Splinter Cell: Conviction (2010)
"Splinter Cell: Conviction" takes place three years after that of "Splinter Cell: Double Agent." Former Navy SEAL Victor Coste is being interrogated by a PMC called Black Arrow. He recounts the events of "Splinter Cell: Conviction" in the past tense.
Sam Fisher is investigating in Valletta, Malta about rumors that the hit-and-run death of his daughter, Sarah might not have been accidental. At the time, Anna "Grim" Grímsdóttir, Sam's former colleague contacts him and warns him of the imminent attack of a group of hitmen. Having slain them, Sam goes after their contractor, Andriy Kobin, a drug runner who was responsible for Sarah's death. He infiltrates Kobin's mansion, slays Kobin's guards and interrogates Kobin, but Sam is captured by a Third Echelon strike team before being able to extract anything useful.
Sam is relocated to Price Airfield in Virginia, where he is to be interrogated by Grim and the Black Arrow. Grim, however, kills their guard and releases Sam, revealing that she is working for President Caldwell, investigating suspicious circumstances concerning Third Echelon Director Tom Reed, Black Arrow and stolen Russian EMP technology. She claims that Sarah is in fact alive and helps Sam escape the Airfield...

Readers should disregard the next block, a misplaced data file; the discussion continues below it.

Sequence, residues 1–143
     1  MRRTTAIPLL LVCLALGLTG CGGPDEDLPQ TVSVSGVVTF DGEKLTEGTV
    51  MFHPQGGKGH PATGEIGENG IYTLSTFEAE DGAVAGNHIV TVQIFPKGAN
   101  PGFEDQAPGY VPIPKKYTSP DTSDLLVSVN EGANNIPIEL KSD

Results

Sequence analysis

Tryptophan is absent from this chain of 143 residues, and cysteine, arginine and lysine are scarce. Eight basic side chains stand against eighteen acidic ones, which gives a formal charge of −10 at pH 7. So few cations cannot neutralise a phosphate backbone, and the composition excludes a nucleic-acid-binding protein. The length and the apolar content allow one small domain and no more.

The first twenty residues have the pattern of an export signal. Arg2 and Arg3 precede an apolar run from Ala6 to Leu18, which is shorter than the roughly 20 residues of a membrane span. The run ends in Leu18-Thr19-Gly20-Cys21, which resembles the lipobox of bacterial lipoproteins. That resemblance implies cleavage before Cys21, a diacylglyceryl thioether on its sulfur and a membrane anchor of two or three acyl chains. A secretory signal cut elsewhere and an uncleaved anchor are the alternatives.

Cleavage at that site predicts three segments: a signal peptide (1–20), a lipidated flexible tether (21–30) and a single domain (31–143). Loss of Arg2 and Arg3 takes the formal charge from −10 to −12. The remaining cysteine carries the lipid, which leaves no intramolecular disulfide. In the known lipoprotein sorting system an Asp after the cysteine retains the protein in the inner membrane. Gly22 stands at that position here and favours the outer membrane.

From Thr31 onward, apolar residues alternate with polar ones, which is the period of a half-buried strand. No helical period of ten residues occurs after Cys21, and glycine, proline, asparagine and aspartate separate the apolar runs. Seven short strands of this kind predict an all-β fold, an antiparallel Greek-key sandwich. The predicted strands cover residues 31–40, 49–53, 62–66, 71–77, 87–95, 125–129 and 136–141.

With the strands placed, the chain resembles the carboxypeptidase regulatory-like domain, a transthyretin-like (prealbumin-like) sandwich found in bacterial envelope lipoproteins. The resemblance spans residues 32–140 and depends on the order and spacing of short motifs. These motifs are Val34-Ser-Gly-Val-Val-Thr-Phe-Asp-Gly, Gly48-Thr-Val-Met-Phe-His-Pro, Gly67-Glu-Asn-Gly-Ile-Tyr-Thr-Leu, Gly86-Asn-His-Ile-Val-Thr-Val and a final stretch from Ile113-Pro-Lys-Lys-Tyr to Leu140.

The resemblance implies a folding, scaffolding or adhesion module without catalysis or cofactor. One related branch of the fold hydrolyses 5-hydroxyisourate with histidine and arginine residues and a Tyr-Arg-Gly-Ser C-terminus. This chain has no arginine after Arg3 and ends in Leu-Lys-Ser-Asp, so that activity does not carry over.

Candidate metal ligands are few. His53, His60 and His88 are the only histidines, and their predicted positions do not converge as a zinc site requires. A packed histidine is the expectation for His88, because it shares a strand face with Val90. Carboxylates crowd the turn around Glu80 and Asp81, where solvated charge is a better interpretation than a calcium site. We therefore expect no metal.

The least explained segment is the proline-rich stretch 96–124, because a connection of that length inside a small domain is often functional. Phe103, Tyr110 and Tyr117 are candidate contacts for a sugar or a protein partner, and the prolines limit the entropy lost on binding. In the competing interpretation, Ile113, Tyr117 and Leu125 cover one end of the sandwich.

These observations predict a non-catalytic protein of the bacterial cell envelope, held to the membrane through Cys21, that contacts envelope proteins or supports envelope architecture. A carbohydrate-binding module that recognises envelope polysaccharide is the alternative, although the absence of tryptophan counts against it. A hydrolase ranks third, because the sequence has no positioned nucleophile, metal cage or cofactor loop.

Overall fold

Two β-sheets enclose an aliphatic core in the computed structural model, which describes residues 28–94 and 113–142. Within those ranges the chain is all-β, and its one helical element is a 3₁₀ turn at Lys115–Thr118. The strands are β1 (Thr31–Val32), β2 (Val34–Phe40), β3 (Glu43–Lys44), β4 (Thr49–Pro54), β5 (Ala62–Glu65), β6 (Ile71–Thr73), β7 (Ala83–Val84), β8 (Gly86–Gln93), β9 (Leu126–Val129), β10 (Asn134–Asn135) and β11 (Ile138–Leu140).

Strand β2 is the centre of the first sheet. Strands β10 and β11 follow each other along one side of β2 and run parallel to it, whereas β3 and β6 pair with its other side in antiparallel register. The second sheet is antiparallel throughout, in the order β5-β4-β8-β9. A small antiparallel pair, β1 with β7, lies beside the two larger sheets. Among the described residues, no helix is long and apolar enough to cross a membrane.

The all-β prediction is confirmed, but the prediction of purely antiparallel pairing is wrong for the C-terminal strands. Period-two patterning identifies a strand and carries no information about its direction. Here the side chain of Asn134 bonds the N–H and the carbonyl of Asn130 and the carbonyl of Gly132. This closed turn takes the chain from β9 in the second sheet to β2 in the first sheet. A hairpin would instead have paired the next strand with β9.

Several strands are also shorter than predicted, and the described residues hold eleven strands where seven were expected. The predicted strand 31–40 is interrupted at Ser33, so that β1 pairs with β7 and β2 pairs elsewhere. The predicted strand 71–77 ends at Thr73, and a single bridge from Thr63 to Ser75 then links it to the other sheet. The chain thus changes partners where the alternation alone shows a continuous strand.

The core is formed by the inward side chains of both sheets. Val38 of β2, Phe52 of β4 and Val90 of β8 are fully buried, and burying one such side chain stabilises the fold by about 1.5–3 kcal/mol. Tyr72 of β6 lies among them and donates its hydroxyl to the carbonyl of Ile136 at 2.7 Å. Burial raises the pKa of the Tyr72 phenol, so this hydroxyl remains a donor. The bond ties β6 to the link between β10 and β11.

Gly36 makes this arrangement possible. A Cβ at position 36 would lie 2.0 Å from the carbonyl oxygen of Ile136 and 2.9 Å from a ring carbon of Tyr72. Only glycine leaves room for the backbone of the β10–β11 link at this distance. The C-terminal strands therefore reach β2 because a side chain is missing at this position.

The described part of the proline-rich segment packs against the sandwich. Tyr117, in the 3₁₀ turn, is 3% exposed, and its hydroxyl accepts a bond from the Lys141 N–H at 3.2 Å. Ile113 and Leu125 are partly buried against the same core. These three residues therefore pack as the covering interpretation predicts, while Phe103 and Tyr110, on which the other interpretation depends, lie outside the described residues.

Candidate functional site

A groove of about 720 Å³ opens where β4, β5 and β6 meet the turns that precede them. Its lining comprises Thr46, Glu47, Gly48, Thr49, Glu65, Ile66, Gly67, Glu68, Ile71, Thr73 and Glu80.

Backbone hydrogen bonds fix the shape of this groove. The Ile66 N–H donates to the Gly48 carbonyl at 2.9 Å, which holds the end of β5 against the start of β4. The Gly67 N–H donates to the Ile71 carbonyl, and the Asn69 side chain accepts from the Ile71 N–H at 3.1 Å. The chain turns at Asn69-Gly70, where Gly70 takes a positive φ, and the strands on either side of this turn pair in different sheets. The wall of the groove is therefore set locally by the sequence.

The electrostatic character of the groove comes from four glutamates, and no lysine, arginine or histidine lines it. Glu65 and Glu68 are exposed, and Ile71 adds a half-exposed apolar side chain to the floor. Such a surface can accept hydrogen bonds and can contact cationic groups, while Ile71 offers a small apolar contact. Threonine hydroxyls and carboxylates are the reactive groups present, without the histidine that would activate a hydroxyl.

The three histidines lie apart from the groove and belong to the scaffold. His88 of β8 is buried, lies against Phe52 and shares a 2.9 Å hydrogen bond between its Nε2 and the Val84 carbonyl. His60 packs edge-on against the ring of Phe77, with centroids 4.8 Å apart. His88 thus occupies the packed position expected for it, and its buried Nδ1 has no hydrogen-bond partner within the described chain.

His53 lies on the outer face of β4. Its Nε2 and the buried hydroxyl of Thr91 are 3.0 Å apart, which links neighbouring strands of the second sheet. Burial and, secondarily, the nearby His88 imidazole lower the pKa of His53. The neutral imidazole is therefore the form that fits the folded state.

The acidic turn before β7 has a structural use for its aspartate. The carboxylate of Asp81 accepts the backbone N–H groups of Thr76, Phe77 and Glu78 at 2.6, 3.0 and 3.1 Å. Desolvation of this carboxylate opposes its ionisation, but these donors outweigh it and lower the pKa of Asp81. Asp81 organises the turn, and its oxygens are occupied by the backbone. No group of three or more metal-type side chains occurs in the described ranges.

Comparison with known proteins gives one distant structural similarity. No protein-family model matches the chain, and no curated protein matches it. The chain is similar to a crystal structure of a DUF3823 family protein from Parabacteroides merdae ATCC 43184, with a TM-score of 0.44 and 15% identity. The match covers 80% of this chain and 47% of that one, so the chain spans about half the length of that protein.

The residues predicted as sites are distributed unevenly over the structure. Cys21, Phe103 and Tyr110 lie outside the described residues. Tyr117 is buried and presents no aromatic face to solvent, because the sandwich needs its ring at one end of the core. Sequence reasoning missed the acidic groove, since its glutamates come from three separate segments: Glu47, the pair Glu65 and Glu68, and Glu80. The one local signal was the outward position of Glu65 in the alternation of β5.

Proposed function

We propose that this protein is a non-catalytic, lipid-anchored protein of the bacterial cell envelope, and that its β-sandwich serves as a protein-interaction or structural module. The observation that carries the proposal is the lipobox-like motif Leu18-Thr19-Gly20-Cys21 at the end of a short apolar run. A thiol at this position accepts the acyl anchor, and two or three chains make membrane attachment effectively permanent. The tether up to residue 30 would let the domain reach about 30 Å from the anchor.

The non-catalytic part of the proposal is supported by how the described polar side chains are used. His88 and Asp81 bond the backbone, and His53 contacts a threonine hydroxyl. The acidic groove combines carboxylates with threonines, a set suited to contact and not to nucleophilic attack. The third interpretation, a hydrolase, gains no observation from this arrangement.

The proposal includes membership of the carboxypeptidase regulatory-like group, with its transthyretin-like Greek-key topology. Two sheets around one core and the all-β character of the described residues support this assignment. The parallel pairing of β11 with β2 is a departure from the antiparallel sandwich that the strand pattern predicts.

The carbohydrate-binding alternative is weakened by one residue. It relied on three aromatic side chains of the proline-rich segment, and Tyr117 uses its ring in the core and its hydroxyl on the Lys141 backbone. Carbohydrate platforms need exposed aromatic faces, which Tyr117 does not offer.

Did You Know? "Splinter Cell: Conviction" was originally revealed in 2007 as being social-stealth-based and deviating from the series' foundations of light and shadow stealth. After poor reception from fans and gaming journalists, the game disappeared from public sight for two years. "Splinter Cell: Conviction" finally appeared again at the Electronic Entertainment Expo 2009, with a brand new direction that took the light and shadow stealth and geared it for a faster action game play. The developers drew inspiration from popular film and television. The three JBs: Jason Bourne, Jack Bauer and James Bond are often mentioned as characters whose abilities were injected into Sam Fisher. "Taken" (2008) and "Man on Fire" (2004) are also cited as inspiration. This new direction garnered a much more positive response.